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I might be in the wrong place but I want to try and get a decently credible answer.

I have just bought a brand new 12v AGM car battery. The voltage drop in the battery when a load is applied appears to be too large. It's voltage when disconnected is 12.8V. I know my car draws very close to 1amp when a battery is first connected and my clamp meter confirmed it did again this time, but the voltage of the battery dropped to 12.7V at the posts. R=V/I, thus the internal resistance is apparently 0.1 ohms. Is this not an appropriate way to measure internal resistance, as I believe 0.1 ohms is way too high?

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    \$\begingroup\$ Suspect measurement issues first, e.g. 12.76 rounds up to 12.8, 12.74 rounds down... \$\endgroup\$ Jul 16 '21 at 0:41
  • \$\begingroup\$ I would suggest using a meter with at least 4.5 digits, that gives you a decade above your ref voltage. Connect your load and let it operate for at least 10 minutes on a fully charged battery. At that point the voltage readings should be stable, then you can calculate the internal resistance and be close. \$\endgroup\$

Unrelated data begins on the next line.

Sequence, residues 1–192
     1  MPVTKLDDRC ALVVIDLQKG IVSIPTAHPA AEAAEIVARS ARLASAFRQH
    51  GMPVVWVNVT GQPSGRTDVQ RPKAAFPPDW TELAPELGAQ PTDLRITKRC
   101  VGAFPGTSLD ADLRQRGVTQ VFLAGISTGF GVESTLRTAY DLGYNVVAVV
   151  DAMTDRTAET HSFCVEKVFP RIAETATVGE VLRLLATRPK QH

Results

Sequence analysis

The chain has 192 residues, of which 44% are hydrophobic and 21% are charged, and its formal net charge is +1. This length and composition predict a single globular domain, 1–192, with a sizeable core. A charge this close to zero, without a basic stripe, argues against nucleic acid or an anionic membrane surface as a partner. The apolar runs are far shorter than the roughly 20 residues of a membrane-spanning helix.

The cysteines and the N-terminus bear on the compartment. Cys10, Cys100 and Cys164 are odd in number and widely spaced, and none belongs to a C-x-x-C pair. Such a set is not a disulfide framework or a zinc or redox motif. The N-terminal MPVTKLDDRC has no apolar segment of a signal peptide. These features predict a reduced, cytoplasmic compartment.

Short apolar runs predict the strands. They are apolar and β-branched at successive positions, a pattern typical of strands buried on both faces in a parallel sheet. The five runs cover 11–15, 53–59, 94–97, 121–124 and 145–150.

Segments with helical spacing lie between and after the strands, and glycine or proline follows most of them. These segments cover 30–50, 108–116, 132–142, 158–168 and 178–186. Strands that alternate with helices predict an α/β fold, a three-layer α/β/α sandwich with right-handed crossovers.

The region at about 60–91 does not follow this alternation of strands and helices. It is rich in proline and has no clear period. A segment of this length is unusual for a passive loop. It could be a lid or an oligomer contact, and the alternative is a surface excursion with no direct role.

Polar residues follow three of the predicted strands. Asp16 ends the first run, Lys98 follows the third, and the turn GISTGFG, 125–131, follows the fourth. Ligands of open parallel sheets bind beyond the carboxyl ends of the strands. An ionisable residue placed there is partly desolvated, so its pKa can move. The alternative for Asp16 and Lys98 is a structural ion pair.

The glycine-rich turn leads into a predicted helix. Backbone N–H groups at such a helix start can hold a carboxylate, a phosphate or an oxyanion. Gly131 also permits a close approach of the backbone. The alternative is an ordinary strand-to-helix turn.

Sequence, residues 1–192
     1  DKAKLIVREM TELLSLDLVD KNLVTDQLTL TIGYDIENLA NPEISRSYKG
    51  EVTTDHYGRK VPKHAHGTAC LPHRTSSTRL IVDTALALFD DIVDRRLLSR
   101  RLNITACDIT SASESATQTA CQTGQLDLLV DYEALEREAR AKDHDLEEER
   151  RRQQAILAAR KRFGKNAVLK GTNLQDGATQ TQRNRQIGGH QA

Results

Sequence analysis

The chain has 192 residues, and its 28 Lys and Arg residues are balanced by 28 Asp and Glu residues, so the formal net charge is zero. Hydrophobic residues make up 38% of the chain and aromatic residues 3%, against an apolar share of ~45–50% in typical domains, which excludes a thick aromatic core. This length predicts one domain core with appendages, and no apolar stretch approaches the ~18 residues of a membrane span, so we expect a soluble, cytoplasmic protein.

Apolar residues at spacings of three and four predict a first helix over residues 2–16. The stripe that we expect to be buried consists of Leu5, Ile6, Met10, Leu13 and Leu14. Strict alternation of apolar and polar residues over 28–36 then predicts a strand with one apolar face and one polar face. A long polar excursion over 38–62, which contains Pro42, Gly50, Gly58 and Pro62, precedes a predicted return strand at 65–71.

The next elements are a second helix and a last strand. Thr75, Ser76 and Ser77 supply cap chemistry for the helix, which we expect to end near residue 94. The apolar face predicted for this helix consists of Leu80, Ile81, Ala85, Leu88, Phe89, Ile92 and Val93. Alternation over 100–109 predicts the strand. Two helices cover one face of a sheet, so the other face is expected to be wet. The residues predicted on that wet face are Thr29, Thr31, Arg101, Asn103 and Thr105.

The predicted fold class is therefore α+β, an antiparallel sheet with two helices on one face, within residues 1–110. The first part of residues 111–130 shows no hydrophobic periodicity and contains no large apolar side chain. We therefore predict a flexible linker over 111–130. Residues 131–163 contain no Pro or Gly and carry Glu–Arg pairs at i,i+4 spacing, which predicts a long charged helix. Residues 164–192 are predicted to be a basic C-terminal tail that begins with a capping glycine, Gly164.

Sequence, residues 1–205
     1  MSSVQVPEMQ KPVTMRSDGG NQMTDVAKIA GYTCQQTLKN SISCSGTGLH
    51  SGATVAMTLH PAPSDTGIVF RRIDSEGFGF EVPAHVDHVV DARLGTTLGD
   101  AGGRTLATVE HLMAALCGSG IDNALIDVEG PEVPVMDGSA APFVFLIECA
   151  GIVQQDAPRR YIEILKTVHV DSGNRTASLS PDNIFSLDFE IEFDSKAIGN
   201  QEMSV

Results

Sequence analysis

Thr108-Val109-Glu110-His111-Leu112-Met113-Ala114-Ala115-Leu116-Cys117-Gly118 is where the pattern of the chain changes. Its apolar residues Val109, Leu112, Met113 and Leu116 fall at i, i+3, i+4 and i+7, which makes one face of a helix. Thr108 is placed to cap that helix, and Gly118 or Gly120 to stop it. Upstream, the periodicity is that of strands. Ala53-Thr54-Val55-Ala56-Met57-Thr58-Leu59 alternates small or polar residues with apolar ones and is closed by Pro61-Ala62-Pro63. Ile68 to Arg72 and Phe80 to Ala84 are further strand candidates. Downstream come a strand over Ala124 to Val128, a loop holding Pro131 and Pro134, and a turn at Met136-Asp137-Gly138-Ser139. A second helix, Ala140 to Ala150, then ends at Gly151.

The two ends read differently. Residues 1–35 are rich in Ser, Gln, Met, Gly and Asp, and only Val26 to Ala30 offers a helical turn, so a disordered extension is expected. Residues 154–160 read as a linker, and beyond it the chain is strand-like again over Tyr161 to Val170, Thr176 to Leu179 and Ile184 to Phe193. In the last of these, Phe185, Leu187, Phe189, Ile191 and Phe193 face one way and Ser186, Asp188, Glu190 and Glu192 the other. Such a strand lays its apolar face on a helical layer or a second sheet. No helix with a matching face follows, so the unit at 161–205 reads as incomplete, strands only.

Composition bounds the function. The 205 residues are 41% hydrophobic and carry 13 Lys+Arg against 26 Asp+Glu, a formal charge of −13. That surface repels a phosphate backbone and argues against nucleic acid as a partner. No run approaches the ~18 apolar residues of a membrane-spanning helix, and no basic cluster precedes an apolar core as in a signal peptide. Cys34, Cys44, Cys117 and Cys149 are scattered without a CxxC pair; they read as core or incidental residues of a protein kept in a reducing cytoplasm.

– Gil
    Jul 16 '21 at 2:16
  • \$\begingroup\$ In principal what you are doing is right . You might need a bigger load to do this measurement with a reasonable precision, maybe a set of DC bulbs acting as load. Note that the internal resistance of a battery changes with it's state of charge and cell life. \$\endgroup\$ Jul 16 '21 at 5:25
  • \$\begingroup\$ The meter has 4 digits.It read 12.80 and then went down to 12.70. It then slowly creeps back up to 12.8V 1/100 of a volt at a time... \$\endgroup\$ Jul 16 '21 at 6:32
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That's not how you measure primary ESR. That's the secondary double layer ESR which you seem to be measuring.

The Primary ESR must drop high current to measure accurately or after a sustained drain to equalize the secondary charge down after charging to a steady voltage.

from ratings if CA = 900 A for a 5V drop then ESR = 5V/900A is what you expect. But that is high current. 1A current is not accurate.

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In real life, a battery does not act as a voltage source in series with a resistor - if it did then a graph of voltage vs current would be a straight line. As you have observed, this is not the case and there is a significant voltage gradient where the current is relatively small. At larger currents the gradient, which corresponds to the internal resistance, will be much flatter.

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  • \$\begingroup\$ So a battery isn't ohmic? \$\endgroup\$ Jul 16 '21 at 6:43
  • \$\begingroup\$ Well no it doesn’t follow Ohm’s law; in real life nothing does exactly, some things far from it. \$\endgroup\$
    – Frog
    Jul 16 '21 at 11:23

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